Try spot priming an area if you have a small wall with some patches. I've got good results from spot priming with paint then top coat 2 coats. Sometime it takes another full coat of paint, depending on the product you have, what's under etc... Try a small wall where you can test and see for yourself which strategy is best. It's not like, unless you're using **** paint, you're gonna ruin it by not doing it properly, it might just require another coat of paint. Just don't use bad primer (aka SW PVA primer, for example).
like pro mar 200?
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Old 08-17-2015, 07:35 AM   #10
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Really?? Listen man always always always prime. Anyone telling you otherwise is a fool in my opinion. Especially because your using promar as finish. Professional painters always keep primer stocked. I use aqualock. Welcome.
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Old 08-17-2015, 07:49 AM   #11
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I actually like to use a cheap pva primer for spot priming. It's just good enough to prevent flashing yet crappy enough to not completely seal the surface so it will all dry evenly.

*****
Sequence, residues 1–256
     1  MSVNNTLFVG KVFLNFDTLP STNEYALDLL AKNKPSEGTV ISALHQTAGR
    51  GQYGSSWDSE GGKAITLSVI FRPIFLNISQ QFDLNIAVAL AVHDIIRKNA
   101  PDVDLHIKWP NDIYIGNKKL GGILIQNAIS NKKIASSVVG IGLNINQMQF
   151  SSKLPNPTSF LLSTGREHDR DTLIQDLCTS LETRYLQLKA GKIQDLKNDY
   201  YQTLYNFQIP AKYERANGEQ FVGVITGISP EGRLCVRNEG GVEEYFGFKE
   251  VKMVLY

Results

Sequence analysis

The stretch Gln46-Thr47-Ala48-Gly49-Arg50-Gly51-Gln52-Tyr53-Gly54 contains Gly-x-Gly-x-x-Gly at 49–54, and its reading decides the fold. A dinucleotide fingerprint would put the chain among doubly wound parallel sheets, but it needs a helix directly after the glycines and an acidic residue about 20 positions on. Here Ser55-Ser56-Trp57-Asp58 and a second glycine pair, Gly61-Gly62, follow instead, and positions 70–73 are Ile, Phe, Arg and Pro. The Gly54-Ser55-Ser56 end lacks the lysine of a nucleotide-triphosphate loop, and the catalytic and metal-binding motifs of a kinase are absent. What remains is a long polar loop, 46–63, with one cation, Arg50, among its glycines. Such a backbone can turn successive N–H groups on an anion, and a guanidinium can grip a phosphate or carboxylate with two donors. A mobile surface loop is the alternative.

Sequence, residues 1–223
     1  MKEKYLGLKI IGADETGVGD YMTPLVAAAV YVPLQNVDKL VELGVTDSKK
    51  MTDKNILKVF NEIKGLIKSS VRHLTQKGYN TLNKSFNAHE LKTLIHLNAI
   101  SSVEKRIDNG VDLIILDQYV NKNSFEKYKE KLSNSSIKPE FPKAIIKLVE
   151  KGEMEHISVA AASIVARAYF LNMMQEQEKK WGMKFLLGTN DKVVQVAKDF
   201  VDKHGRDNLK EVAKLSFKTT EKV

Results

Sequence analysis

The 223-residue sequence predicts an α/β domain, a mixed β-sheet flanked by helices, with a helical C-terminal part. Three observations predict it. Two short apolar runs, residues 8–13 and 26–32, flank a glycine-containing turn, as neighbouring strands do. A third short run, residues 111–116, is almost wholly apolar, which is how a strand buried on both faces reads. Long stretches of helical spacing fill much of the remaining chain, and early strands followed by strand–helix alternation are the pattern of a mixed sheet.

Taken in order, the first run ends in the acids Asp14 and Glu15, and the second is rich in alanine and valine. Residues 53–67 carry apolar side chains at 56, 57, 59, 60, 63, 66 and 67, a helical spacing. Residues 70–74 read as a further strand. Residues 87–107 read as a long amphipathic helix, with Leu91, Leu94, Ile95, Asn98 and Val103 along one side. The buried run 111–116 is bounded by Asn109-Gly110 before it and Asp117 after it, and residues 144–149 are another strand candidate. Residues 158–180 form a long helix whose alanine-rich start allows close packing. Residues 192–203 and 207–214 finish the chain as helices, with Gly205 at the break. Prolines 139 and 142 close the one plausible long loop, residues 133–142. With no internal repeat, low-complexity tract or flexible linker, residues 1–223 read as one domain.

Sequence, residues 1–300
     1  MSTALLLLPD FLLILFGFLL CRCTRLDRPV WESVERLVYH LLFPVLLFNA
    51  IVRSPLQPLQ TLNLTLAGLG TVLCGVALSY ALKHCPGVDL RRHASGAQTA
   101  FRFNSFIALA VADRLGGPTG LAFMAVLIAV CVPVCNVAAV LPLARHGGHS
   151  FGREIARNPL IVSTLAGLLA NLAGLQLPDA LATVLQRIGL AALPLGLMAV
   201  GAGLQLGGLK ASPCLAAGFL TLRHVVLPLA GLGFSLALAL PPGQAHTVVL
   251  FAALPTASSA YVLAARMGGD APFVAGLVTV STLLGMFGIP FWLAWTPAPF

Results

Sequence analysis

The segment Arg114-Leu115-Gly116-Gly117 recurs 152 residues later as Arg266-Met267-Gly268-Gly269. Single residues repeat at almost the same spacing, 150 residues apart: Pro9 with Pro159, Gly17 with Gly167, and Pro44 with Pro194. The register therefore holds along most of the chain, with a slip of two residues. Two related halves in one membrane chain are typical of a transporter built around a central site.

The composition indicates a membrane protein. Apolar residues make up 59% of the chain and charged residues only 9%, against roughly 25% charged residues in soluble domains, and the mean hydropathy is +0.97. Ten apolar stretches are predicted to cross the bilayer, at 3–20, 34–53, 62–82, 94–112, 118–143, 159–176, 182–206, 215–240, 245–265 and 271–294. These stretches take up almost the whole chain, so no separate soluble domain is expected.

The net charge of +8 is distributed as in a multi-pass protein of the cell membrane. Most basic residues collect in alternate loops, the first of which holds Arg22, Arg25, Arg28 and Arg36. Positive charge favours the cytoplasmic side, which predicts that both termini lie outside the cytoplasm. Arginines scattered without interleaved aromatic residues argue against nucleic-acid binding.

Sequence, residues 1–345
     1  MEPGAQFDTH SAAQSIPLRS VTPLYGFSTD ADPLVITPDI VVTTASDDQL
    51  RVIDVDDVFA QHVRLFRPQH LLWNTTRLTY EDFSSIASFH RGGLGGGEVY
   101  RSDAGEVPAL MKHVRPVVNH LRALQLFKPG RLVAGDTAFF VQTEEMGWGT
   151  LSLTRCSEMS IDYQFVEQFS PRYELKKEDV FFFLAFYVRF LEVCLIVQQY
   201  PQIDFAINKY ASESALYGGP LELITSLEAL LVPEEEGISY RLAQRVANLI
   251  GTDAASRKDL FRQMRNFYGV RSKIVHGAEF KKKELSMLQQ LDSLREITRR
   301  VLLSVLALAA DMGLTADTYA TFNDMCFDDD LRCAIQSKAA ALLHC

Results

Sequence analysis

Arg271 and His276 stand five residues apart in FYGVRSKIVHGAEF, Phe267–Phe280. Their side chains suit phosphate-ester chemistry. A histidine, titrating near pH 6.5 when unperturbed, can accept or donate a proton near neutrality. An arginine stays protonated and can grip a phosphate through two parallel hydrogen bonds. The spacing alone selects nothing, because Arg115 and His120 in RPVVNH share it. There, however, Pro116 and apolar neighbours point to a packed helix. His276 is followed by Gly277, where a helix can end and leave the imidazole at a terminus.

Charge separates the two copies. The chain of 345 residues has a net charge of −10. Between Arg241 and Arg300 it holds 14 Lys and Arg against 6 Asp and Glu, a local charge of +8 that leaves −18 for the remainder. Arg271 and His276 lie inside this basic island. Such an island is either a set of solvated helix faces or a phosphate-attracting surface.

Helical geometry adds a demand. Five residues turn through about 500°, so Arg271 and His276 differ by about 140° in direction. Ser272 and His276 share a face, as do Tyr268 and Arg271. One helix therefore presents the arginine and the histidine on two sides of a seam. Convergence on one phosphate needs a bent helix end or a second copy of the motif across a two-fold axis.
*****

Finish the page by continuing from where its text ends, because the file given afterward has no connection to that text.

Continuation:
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Old 08-17-2015, 08:10 AM   #12
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That kind of flashing is often as much about texture as it is sheen hold out. If the smooth patch is surrounded by a rough, nappy wall then it will show some variation even if you do everything "right" in terms of coating. I like to sand the entire wall before patching in these situations to reduce textural differences before they happen.

With many of today's high hiding top coats like Emerald, Aura or Regal, spot priming with a separate product in these situations has become superfluous. Idk for sure about the pro mar. Normally I recommend that people listen to the manufacturers/reps in these situations. Then again we are talking about a Sherwin clerk.